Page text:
WASHINGTON – Interior Secretary Ryan Zinke walked into a big gathering of the National Petroleum Council on Monday already facing at least two government probes for his management of the department’s workforce of 70,000 – but that didn’t stop him from bashing his employees.
Zinke told the gathering that he figured upon taking his post that nearly a third of the people at the department were disloyal. The comment may have shed light on the secretary’s reasons for directing department officials to reassign approximately 50 top managers in June, as soon as the move may have been legally permissible.
Several of the managers interviewed by the Los Angeles Times/Tribune Washington Bureau said they were puzzled by the directives, which sent them to corners of the agency where they had no expertise. At least one has filed a whistleblower lawsuit.
The department is declining to comment on the specific charges leveled against Zinke. But the secretary had plenty to say about what he thinks of the workforce during his talk before the oil trade group in Washington.
He said he knew when he took over the department in March that “I got 30 percent of the crew that’s not loyal to the flag,” according to a report by The Associated Press. He compared the department to a pirate ship that captures “a prized ship at sea, and only the captain and the first mate row over” to finish the mission.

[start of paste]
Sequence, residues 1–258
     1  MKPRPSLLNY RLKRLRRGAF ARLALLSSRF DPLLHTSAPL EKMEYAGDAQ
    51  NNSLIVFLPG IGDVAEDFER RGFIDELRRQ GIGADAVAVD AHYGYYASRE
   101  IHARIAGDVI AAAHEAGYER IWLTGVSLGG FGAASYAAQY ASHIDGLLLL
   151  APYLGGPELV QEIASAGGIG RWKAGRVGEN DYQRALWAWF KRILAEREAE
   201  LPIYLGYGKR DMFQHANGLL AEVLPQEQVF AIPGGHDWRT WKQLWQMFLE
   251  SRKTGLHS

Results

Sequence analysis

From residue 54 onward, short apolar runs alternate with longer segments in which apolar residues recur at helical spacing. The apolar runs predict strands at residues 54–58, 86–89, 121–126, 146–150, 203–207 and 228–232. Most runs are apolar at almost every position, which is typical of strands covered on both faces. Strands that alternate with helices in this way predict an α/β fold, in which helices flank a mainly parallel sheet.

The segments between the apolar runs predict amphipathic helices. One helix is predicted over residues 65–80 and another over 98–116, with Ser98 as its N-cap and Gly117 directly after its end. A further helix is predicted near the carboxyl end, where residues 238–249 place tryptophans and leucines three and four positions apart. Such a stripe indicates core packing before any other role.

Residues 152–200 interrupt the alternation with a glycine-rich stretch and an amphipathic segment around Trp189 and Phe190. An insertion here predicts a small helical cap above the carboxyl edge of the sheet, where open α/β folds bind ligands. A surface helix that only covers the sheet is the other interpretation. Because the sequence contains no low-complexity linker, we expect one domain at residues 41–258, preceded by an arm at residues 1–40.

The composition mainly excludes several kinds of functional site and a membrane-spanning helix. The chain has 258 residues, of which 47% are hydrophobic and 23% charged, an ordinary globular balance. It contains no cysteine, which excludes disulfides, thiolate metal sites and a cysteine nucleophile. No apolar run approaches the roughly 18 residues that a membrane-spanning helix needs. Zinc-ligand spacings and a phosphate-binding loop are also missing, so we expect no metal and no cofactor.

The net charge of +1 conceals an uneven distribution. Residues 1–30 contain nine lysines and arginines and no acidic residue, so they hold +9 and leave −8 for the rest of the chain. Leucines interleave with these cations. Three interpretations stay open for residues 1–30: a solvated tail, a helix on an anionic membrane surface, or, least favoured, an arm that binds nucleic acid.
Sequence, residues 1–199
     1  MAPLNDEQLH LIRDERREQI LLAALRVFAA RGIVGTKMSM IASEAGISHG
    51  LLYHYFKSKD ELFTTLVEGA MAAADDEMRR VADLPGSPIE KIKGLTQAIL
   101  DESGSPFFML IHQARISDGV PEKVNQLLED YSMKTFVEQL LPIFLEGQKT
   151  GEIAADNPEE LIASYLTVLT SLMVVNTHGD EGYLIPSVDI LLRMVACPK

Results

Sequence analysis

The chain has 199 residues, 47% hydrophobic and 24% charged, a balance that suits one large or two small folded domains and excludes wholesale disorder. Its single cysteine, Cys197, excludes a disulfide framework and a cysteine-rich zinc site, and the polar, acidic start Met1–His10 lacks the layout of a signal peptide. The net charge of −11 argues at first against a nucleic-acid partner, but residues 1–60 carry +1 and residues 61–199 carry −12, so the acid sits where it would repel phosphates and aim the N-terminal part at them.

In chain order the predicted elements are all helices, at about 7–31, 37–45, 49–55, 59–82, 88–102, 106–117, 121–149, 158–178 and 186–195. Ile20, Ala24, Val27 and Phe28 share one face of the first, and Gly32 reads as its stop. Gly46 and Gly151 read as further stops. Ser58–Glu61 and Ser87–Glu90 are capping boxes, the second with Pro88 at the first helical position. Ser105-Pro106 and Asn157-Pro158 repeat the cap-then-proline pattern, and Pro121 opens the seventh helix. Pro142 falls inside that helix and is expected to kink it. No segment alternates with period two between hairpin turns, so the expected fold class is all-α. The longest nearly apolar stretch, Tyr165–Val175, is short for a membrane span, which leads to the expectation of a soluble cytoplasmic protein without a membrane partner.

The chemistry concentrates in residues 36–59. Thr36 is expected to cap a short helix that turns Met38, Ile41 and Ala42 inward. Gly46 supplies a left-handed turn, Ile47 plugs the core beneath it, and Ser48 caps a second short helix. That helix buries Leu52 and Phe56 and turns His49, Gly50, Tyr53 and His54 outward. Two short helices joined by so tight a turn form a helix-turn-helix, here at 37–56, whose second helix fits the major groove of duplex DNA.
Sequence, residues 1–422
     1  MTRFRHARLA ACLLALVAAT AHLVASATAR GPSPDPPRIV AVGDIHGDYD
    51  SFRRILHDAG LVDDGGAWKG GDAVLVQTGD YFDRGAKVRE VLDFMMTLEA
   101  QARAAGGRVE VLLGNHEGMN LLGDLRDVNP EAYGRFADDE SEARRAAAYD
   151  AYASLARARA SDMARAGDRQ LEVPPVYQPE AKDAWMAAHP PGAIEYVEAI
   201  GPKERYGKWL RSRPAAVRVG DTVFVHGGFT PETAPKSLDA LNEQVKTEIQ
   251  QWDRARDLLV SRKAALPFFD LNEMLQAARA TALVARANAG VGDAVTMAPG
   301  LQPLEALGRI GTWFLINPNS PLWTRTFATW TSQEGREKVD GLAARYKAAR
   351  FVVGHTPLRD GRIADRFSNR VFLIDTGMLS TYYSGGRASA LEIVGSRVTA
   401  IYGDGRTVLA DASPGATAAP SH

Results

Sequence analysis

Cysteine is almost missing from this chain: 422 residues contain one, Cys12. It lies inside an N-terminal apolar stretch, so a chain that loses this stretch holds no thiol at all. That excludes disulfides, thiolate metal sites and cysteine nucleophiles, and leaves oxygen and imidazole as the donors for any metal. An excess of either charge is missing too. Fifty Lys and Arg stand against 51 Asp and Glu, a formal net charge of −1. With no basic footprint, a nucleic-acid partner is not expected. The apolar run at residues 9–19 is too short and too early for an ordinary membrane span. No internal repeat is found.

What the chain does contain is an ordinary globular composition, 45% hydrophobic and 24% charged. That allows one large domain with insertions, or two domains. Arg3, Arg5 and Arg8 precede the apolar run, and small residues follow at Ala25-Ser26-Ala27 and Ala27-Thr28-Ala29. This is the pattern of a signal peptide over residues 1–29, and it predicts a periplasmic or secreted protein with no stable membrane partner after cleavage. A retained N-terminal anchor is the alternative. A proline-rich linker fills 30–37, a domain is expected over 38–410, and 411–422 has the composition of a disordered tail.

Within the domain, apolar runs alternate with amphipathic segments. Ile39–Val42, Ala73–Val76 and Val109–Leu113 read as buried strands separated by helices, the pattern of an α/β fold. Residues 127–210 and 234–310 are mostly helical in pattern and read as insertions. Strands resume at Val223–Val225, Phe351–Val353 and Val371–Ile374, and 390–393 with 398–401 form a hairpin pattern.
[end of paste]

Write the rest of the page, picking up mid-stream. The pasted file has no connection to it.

Walter Shaub, who in July resigned his post running the federal Office of Government Ethics following repeated clashes with the Trump administration, tweeted that Zinke is misguided about what loyalty means.
“Feds are loyal to America, not junior cabinet secretaries and politicians,” he wrote.
Some senior civil servants have charged that Zinke’s moves were intended to drive experienced managers from federal employment. If that was the motive, Zinke succeeded in some cases.
But the reassignments also landed the department in a high-profile whistleblower lawsuit, filed by Joel Clement, the department’s director of policy analysis who had been leading some its highest-profile climate change work. Clement was plucked from his work helping Alaskan villages imperiled by rising seas and placed in a post overseeing the auditing of oil and gas leases.
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